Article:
A lot of sins are unthinkable in the daytime when you’re at work, school, or around other people, but at night when you’re on your own, they beckon you almost ceaselessly. Others are the kind that take place no matter where you are or what time of day it is because they take place in your heart and mind. Some only take place when you’re around certain people. To overcome, you have to take note of these things.

In step 1, you took note of and wrote down your internal circumstances for evaluation. In step 2, you write down and remember as many details as you can about the external circumstances. What time of day is it? Where are you? Who are you with? Are you alone? Are you hungry? Are you tired? Are you in a good mood or bad one? How long has it been since your last temptation? Have you recently had a negative interaction with somebody? Have you been drinking? Have you been watching something in particular? Have you been listening to something in particular? Get really specific.

We get ourselves in these situations where our noblest intentions don’t stand a chance. But too often we’re only in those situations because we aren’t paying attention to the small decisions we make along the way that get us there.

Evaluate this and the first list together. Think about each circumstance—both internal and external—and recall other times you gave into this sin. You can start to identify patterns of behavior, feelings, people, places, times and other factors that are conducive to this sin. Then you can be actively aware of these circumstances in real time as they’re happening next time. You can choose to stop yourself and heed that voice in your head.

3—Share the most revealing and intimate struggles you have with someone you trust

It’s easy to rationalize things to yourself, and as time goes by and you continue to struggle with your private sin, you can even become numb to its seriousness. You rationalize things that a month ago you would’ve never pictured yourself as capable of doing. Many people only come to their senses once they’ve hit rock bottom. We can’t trust ourselves to be objective. We know every detail of our lives so intimately that we tend to brush off this or that little lapse of judgment as being a one-off. All the while our spiritual condition worsens.

So tell someone you deeply trust about your struggle (James 5:16). They can help cut through the mist of subjectivity. If you tell them how you were feeling, where those feelings led and the sin that resulted, they can help you look out for those circumstances. If they’re with you and see the patterns of behavior you’ve identified, they can directly take action to intervene. If they’re not with you, you have to reach out to them so they can take whatever indirect action is available to intervene. The key is immediacy as much as possible, with the goal being they hold you accountable for what you do. In other words, they don’t let you get away with anything—you do that for yourself enough already.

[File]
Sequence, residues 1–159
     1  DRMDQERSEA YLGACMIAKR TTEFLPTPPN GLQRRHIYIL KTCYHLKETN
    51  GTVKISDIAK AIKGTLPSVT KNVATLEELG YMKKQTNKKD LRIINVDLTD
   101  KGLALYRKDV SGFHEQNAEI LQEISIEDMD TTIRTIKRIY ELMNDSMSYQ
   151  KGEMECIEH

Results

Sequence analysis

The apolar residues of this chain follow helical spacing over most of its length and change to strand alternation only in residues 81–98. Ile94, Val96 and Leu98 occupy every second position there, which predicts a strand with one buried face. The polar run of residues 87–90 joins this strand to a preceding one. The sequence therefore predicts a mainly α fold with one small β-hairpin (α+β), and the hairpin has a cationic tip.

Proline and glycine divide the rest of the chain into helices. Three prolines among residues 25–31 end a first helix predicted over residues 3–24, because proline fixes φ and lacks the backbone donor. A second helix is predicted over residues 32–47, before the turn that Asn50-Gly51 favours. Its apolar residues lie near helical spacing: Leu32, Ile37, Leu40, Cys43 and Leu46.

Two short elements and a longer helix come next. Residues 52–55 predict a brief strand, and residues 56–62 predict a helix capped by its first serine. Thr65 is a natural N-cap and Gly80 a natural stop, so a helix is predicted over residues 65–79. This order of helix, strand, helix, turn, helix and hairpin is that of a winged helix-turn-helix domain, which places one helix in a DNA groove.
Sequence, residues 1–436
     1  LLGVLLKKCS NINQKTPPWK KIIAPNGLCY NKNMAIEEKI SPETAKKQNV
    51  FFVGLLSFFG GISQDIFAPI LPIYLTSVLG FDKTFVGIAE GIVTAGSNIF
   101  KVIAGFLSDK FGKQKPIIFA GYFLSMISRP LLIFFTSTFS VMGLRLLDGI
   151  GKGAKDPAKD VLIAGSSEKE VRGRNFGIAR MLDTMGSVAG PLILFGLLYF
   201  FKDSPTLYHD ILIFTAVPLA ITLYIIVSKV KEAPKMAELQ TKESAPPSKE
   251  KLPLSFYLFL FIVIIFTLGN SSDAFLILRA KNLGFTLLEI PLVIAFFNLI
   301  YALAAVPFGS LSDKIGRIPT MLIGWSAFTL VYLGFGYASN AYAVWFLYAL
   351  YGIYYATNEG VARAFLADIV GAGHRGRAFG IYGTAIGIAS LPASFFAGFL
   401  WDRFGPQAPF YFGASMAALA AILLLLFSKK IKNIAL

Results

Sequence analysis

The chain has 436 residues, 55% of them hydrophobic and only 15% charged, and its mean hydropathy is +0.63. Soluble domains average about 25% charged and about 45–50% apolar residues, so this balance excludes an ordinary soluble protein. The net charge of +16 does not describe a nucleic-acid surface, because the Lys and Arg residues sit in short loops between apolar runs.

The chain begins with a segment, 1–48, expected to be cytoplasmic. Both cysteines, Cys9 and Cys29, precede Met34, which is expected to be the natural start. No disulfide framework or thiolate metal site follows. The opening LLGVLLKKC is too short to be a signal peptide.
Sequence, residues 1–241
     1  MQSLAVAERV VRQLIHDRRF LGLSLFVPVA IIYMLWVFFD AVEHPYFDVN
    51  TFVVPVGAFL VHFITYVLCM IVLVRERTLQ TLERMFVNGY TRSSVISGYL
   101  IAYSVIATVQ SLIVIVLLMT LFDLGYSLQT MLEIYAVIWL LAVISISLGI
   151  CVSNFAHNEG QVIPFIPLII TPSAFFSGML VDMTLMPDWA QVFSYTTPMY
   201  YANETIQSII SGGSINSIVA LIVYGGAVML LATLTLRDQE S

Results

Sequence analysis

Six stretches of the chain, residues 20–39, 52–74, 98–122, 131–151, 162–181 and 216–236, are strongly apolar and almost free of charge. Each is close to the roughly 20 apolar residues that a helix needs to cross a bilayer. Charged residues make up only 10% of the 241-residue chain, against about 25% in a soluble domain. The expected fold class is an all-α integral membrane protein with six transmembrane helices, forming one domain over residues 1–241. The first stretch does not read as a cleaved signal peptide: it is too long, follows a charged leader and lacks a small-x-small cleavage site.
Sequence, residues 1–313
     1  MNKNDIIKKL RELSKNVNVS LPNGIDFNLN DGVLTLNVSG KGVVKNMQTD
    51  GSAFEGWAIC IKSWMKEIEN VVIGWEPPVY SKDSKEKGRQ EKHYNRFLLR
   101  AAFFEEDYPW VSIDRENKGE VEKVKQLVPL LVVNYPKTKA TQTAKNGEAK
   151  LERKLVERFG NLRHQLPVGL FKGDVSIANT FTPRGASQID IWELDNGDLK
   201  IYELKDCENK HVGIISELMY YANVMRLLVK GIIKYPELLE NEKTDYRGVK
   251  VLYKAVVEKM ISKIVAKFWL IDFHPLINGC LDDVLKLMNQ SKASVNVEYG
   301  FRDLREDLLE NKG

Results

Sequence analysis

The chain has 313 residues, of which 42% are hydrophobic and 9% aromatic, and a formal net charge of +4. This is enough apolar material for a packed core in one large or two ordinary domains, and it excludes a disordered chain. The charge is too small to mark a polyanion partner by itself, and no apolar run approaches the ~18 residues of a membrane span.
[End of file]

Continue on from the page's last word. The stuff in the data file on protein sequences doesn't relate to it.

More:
One thing to remember when confiding is that it has to be with someone you trust not to share your struggle with others, of course. But also it must be someone who loves and cares for you enough to stop you from continuing in the sin. False compassion is helping you rationalize your sin, letting you off the hook for the guilt you rightfully feel in the aftermath. Or seeing it happen in real time but failing to take bold steps to put a stop to what they’re seeing (Proverbs 24:11-12). Keep in mind the reverse scenario: If someone asked you to truly help them overcome their sin, how guilty would you feel if they reached out to you and you didn’t do what it took to stop it from happening again? Make it clear to whomever you confide in that you expect them not to take your stupid excuses, but instead to punch you in the gut (metaphorically speaking, of course).

These steps are, of course, only a step on the path toward complete repentance. There is much to be said about learning to yield to God’s Holy Spirit, the process of not just killing the bad works of sin in our lives, but also replacing it with the good fruit of the Spirit (Galatians 5:19-24), and many other deep spiritual points for consideration. We can thank God that, in His grace, He only reveals our sins to us in small doses. So there are probably sins in your life that you don’t even recognize yet—things your conscience doesn’t even know to tug at you for—because God is working with you to grow and mature in other areas before He shows them to you.

None of this is to make the Christian life sound brutal or exhausting, however. I hate it when people do that, because as with anything, the hard work you put in makes your life far more satisfying than you could’ve imagined when you were waffling around. Yes, it may be difficult, and yes there will be hardships you would never have imagined, but coming through on the other side always results in a deeper, more lasting and more sincere grounding in the grace and peace of God our Father, and our Lord Jesus Christ.